On Wednesday the U.S. will challenge its grounds to appeal medical evidence that led to the denial of Julian Assange’s extradition. But there are conflicts of interests with U.S. witness Dr. Nigel Blackwood, who claimed Assange’s suicide risk is “manageable.”
A hearing is scheduled for 10:30 am BST at the Royal Courts of Justice in London on Wednesday where lawyers for the United States will argue that it should be able to appeal the medical evidence that formed part of January’s decision by District Judge Vanessa Baraitser to reject the U.S. request to extradite WikiLeaks publisher Julian Assange. (Consortium News will cover the hearing via remote video access to the courtroom.)
Baraitser ruled largely on the testimony of defense witness Dr. Michael Kopelman that Assange was at high risk of committing suicide if he were to be extradited. When the High Court accepted the U.S. application for appeal last month it did not permit the U.S. to challenge the medical evidence. At the hearing on Tuesday the U.S. will argue that it should be allowed to as part of its appeal.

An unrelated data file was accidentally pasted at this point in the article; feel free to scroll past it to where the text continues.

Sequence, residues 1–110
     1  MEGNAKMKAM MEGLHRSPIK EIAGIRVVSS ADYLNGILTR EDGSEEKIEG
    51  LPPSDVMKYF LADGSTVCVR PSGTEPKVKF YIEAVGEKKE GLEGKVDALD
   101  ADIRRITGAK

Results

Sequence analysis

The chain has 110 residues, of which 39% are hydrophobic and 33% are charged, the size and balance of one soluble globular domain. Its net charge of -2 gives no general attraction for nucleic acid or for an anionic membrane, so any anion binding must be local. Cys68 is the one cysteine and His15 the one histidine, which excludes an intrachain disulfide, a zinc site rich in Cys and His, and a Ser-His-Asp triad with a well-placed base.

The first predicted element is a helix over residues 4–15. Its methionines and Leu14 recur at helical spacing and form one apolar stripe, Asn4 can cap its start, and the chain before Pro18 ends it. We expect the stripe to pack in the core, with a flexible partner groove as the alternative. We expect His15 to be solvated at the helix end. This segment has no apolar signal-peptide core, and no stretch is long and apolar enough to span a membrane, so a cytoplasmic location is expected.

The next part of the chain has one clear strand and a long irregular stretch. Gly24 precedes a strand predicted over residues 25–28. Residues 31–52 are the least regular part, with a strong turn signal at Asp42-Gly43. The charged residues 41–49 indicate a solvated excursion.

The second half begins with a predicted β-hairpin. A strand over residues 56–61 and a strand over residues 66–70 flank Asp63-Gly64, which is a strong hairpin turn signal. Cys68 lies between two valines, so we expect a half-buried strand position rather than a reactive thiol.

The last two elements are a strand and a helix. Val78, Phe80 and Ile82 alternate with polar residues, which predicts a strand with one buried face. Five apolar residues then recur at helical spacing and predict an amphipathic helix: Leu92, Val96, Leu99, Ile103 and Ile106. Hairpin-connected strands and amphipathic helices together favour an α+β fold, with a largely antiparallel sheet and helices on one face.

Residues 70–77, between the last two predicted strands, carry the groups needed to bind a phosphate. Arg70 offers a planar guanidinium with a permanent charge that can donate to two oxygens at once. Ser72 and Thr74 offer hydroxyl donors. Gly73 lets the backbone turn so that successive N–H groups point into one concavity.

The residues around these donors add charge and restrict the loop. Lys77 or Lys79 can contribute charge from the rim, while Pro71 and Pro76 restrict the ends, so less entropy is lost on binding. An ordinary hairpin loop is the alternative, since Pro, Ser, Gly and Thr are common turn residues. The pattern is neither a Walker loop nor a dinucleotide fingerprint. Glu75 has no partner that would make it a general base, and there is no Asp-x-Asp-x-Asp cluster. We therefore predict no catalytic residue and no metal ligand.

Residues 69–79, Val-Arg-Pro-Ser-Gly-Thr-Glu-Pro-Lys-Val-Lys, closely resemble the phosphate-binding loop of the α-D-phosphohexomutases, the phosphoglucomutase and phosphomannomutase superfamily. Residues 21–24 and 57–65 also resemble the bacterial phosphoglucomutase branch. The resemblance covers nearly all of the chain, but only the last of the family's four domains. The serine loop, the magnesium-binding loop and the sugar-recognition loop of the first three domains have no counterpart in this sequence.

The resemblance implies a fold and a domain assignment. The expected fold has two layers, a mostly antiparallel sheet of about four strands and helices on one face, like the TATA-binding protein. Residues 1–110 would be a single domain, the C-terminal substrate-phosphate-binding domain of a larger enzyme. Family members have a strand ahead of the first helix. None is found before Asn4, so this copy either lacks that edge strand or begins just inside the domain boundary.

For its part, during September’s extradition hearing, the U.S. relied on the medical testimony of Dr. Nigel Blackwood who said Assange’s depression was only “moderate” and that his risk of suicide was “manageable,” assertions rejected by Baraitser, which the US. wants the High Court ultimately to accept. Blackwood, it turned out, has ties to both the British and U.S. governments, as this article first published on Consortium News last October points out.
One of the U.S. prosecution’s key medical witnesses in the Julian Assange hearing, who claimed that Assange’s risk of suicide is “manageable” if extradited to the U.S., works for an academic institute that is funded by the U.K. Ministry of Defence and linked to the U.S. Department of Defense, it can be revealed.
Giving evidence as an expert witness for the U.S. prosecution, Dr. Blackwood rebutted other experts’ findings on the seriousness of Assange’s condition, adding his suicide risk was “manageable.” He told the court: “Mr. Assange has proved himself to be a very resilient and very resourceful man and he has underplayed that.”
At the request of U.S. prosecution lawyers, Dr. Blackwood examined Assange during two meetings in March. In his written submission to the court, he said that it would “not be unjust” to extradite Assange to the U.S.
Declassified has discovered that Dr. Blackwood’s professional work at KCL is linked to a cluster of academic groups which are funded by or associated with the British and American militaries.
Declassified has seen a contract showing that the Ministry of Defence (MOD) provided more than £2-million to KCL’s Institute of Psychiatry for the years 2013-16 for a project which KCL is forbidden to mention in public without MOD approval. It is likely the contract has been renewed and is still active.